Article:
A Chromebook running Google Chrome OS isn't a traditional computer, although it has a lot of characteristics we've come to expect from a PC. Yet part of the territory that comes with adjusting to a new operating system is getting used to the (seemingly) odd names for certain features or aspects.
As a relatively new Chromebook user myself, I consistently found myself coming across the word "Powerwash" when researching topics. Eventually, intrigue got the best of me and so began a mission to figure out what this random word meant.
A quick Internet search lead me to this Google support page, where it was revealed that "Powerwashing" a Chrome OS device is a fancy way of saying "factory reset."
Resetting a Chrome OS device wipes all user accounts and locally stored content. In order to preserve any saved files, you only need to move them to your Google Drive folder, wait for it all to sync up, then proceed with the reset.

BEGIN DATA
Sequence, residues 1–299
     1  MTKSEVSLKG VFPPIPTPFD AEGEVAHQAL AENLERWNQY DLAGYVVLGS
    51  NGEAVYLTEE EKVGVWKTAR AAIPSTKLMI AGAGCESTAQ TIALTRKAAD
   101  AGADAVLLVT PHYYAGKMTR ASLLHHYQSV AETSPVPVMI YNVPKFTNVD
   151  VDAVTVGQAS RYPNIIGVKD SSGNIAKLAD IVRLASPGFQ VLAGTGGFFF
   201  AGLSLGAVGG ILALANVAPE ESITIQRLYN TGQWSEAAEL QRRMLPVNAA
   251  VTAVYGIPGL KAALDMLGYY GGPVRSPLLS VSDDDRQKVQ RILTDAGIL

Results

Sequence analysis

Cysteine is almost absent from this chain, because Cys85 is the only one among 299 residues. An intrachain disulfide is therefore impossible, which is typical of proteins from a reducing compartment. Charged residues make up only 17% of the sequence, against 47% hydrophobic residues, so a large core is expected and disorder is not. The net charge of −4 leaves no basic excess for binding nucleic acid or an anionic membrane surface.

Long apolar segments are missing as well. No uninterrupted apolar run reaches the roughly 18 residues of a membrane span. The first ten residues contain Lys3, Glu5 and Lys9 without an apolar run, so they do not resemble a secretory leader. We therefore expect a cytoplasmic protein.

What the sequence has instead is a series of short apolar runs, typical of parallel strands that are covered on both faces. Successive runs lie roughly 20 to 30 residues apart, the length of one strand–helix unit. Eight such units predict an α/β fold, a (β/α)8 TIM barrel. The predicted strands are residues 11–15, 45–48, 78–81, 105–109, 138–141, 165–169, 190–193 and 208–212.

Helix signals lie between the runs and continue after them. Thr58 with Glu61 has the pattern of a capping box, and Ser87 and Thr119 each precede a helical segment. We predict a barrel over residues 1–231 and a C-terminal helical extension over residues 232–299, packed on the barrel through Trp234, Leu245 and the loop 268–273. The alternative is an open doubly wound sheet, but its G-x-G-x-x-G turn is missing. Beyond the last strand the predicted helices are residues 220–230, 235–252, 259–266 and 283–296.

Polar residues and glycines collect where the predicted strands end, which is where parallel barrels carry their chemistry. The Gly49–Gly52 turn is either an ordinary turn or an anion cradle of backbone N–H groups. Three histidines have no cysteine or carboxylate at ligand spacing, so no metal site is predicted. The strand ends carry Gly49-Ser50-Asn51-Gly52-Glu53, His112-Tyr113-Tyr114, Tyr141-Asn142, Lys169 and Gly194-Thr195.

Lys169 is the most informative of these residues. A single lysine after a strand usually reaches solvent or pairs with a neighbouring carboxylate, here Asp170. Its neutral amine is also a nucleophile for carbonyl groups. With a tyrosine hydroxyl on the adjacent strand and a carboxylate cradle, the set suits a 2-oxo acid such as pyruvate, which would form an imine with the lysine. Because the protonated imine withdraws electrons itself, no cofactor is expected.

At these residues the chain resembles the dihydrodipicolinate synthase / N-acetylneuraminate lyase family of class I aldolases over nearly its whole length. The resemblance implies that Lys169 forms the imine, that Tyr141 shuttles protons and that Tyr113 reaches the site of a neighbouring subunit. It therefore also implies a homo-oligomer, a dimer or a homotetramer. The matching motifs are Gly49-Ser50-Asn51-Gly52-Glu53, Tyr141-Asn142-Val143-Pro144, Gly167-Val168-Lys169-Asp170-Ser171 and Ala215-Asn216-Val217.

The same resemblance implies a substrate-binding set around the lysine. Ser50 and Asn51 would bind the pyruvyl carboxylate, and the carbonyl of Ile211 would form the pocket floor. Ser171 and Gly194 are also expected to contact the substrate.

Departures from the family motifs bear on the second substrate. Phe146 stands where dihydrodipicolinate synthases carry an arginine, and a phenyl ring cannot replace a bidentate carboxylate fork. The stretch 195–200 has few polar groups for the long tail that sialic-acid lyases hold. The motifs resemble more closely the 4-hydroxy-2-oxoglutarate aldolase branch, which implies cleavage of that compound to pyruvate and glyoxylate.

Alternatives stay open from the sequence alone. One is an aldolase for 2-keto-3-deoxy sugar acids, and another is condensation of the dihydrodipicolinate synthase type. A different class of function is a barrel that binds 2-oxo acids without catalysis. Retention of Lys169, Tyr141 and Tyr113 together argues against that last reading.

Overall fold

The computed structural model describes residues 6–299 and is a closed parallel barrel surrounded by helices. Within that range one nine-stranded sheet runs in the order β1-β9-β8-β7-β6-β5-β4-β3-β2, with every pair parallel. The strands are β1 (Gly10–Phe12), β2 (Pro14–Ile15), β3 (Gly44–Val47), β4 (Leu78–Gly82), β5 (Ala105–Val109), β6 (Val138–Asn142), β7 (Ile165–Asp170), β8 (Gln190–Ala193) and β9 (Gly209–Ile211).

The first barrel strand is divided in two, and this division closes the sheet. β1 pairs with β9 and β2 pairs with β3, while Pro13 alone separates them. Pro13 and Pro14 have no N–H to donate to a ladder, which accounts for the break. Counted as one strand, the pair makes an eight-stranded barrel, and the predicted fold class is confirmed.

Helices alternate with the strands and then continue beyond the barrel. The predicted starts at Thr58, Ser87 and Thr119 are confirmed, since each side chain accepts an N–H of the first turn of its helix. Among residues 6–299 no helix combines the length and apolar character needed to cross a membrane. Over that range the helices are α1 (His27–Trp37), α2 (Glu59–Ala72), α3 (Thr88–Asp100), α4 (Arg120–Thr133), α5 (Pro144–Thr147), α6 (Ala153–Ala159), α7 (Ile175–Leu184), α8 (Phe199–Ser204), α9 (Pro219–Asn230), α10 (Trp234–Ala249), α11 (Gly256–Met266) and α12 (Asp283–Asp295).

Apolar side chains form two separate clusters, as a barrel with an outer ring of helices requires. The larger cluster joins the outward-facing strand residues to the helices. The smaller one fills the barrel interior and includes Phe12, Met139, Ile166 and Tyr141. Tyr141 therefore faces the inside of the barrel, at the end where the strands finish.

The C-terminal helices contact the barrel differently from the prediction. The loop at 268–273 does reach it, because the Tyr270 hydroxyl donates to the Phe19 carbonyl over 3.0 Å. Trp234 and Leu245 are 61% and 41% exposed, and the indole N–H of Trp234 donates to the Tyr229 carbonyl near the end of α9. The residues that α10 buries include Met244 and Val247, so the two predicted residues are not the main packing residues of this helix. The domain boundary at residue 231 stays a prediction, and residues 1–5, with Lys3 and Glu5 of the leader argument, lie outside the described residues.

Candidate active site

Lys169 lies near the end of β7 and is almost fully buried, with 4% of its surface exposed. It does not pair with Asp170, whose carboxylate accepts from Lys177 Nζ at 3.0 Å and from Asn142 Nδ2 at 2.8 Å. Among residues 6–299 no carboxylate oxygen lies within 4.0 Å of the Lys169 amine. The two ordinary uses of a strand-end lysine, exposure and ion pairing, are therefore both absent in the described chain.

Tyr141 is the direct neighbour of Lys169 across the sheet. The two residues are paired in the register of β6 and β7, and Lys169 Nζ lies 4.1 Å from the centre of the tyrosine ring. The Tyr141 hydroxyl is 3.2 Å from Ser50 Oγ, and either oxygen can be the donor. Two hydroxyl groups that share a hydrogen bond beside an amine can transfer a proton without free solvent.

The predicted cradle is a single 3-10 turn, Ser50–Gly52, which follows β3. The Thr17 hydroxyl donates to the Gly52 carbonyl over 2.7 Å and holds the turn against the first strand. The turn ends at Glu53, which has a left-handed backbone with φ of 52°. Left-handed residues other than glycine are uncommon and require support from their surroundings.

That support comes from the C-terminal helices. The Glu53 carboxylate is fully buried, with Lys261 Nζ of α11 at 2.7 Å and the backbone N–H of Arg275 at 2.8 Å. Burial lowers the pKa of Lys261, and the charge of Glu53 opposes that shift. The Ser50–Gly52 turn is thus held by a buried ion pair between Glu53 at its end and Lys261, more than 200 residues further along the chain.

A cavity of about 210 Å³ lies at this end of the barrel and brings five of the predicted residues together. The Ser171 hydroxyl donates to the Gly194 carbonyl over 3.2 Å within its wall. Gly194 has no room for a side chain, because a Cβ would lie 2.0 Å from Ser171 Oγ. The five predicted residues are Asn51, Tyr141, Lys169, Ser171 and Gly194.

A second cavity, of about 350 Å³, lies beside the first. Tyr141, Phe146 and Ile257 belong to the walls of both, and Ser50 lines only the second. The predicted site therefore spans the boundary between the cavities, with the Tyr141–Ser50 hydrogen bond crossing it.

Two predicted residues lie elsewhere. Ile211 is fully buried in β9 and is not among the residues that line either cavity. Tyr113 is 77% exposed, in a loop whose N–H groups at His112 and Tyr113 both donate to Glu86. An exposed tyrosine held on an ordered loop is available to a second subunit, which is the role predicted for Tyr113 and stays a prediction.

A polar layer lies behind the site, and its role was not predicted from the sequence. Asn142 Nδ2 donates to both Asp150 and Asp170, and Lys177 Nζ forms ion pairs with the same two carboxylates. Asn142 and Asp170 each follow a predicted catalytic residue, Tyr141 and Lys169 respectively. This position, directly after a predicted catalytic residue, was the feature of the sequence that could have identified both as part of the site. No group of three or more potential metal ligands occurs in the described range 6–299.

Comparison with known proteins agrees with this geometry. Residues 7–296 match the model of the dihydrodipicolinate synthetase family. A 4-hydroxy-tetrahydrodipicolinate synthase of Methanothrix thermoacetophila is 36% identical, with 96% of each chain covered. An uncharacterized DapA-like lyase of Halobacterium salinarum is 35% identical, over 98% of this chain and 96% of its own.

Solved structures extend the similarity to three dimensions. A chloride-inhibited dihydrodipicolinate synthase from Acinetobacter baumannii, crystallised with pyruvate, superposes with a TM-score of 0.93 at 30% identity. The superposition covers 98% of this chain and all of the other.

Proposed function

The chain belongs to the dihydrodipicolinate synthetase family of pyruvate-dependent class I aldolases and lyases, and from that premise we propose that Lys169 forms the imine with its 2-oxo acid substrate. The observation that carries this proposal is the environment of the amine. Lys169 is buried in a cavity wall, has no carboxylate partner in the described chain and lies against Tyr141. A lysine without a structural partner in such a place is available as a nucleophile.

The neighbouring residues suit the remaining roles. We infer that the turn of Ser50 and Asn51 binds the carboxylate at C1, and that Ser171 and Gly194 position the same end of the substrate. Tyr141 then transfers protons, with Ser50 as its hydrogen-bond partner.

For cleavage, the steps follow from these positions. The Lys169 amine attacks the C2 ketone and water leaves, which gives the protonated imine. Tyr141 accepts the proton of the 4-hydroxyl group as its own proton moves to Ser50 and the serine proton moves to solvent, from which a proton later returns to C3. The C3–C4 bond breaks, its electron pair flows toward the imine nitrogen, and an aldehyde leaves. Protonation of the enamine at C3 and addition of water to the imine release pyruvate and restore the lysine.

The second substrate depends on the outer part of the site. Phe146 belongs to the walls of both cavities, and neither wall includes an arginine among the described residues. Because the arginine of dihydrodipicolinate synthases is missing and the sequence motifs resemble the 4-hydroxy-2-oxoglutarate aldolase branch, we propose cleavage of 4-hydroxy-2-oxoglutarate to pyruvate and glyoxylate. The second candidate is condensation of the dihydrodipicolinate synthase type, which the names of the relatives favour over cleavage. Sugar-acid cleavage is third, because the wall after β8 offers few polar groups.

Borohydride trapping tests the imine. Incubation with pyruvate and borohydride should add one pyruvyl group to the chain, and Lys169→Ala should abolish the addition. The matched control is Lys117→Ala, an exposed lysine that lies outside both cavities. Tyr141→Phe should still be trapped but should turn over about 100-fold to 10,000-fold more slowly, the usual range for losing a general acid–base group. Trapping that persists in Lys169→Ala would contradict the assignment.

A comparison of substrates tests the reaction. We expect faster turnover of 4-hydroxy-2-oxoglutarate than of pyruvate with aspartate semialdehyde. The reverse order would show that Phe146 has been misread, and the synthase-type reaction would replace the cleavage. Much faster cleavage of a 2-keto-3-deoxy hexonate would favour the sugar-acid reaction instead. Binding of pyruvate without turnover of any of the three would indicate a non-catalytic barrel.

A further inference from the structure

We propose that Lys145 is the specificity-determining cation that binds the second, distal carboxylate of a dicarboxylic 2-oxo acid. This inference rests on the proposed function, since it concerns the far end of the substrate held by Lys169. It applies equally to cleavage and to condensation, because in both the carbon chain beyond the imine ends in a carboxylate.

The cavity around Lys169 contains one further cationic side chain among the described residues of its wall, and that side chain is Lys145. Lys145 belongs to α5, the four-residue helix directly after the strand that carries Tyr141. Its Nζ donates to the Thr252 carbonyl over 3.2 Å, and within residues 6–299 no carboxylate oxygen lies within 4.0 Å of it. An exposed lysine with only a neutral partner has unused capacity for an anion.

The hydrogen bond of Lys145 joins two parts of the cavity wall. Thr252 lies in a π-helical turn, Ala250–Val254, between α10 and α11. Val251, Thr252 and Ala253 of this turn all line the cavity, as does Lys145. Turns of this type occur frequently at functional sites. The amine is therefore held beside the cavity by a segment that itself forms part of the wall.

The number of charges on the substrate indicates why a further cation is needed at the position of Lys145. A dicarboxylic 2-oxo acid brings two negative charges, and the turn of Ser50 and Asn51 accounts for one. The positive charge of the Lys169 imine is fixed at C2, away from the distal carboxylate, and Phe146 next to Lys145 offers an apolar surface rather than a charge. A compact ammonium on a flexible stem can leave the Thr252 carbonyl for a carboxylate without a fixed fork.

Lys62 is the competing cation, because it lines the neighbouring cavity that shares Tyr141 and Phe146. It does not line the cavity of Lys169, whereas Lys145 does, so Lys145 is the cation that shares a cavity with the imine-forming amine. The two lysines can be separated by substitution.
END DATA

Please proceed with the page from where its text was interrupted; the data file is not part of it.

All in all, wiping a Chrome OS device isn't all that intrusive, as most of what you store on it is stored in the cloud. Signing in to a reset device will sync all of your previous settings, returning the device to a familiar state.
Why would you want to factory-reset a device? Switching from one of the less-stable Beta or Dev channels to Stable forces a Powerwash, is one example. Another would be to troubleshoot any ongoing issues you may be experiencing. Sometimes a fresh install of an OS goes a long way in getting rid of annoying bugs.
So there you have it, folks. Powerwashing a Chromebook doesn't involve taking it to your local car wash and hosing it down. In fact, that would be bad. Very bad.